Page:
People with Type 1 also reduce their treatment or change their lives to pay. In Type 1, it’s usually paying for pumps, monitors, and supplies.

Amy Mercer quoted a person with Type 1: “I am no longer pumping…the supplies are too expensive. Since I am starting my first semester of college. I just can’t afford it…which makes me really sad.” Using syringes and frequent injections is usually cheaper (around $900 annually) than pumping (around $2,500 annually), although clearly much less comfortable and reliable.

The costs of medical appointments can be another budget buster. Some have had to give up their personal physicians and wait in long lines at free clinics, where they’ll see a GP or a nurse practitioner, never an endocrinologist.

Mercer herself has had to make tough choices: “I had to [pay] for test strips, insulin, and syringes instead of new clothes and shoes like my friends.”

A lot depends on your treatment and what’s covered by insurance, if you have insurance. Supposedly, under Obamacare you cannot be denied insurance because of having diabetes, but there are still barriers in many states. The ADA has good information on insurance at this page[6].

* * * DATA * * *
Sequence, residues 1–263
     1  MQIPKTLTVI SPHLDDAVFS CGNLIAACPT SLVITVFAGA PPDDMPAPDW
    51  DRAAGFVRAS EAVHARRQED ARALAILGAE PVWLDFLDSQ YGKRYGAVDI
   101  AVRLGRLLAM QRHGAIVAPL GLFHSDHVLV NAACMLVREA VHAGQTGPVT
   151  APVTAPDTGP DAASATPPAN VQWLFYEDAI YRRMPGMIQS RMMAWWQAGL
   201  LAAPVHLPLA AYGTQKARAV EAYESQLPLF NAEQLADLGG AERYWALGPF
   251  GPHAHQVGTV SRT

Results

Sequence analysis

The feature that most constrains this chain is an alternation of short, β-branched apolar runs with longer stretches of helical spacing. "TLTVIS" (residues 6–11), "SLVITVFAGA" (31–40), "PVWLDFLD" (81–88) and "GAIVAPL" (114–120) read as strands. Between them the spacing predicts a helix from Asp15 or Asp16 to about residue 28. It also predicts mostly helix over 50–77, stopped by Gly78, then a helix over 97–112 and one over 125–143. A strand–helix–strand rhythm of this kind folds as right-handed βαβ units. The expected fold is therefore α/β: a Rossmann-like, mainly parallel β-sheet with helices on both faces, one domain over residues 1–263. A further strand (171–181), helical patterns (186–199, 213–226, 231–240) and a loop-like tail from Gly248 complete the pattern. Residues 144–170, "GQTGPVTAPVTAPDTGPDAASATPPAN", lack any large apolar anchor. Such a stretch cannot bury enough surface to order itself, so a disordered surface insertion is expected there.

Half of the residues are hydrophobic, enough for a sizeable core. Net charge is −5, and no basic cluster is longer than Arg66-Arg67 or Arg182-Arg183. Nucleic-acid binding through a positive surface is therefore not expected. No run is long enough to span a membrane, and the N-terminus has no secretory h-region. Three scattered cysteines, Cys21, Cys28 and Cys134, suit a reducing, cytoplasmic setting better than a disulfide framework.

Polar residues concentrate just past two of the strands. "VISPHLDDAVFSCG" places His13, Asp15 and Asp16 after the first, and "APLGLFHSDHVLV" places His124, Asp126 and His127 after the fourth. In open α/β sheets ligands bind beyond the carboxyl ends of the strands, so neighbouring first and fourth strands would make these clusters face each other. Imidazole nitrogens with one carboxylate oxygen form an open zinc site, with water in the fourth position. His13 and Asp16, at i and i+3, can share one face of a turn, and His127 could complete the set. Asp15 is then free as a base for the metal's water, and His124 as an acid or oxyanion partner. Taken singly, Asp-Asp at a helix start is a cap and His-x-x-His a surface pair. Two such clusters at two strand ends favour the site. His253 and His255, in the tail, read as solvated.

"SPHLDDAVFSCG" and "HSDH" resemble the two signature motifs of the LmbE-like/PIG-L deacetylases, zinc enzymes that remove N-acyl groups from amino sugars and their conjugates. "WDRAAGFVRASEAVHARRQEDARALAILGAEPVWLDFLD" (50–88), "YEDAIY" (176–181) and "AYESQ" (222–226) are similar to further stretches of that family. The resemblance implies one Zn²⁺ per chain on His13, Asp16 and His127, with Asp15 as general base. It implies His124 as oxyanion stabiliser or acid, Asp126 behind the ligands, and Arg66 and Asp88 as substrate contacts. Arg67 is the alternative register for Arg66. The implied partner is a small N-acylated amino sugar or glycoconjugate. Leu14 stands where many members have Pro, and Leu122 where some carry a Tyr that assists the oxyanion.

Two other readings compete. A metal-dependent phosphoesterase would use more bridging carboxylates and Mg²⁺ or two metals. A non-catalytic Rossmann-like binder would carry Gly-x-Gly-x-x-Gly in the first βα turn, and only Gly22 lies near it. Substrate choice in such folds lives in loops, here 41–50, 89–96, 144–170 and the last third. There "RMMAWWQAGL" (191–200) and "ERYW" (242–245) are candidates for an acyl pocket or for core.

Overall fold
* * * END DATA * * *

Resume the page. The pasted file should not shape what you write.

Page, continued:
Managing medical costs
• If you don’t have good prescription drug coverage, see if you can manage with generic drugs. Newer drugs such as incretin mimetics and the SGLT-2 inhibitors can be good, but they are not available in generics yet. Older generic drugs are very cheap, almost free, at large retailers like Costco.

• Ask your doctor to write prescriptions for larger quantities of insulin, pills, and test strips. Larger prescriptions will cost less per dose.

• Ask for help. Ask your doctor for samples at each visit. If you are taking a brand name drug, see if you qualify for a patient assistance program. You can interact with these programs at the drug industry site[7]. There are hundreds of such programs. You can also call the industry referral program at (888) 4PPA-NOW (888-477-2669).

• Shop around. The Perfect D[8] website says “Prices can fluctuate wildly,” for drugs and equipment, so you have to shop for the best deals. The same applies to doctors — you don’t necessarily need or want the most expensive. A good nurse practitioner might be better in some cases.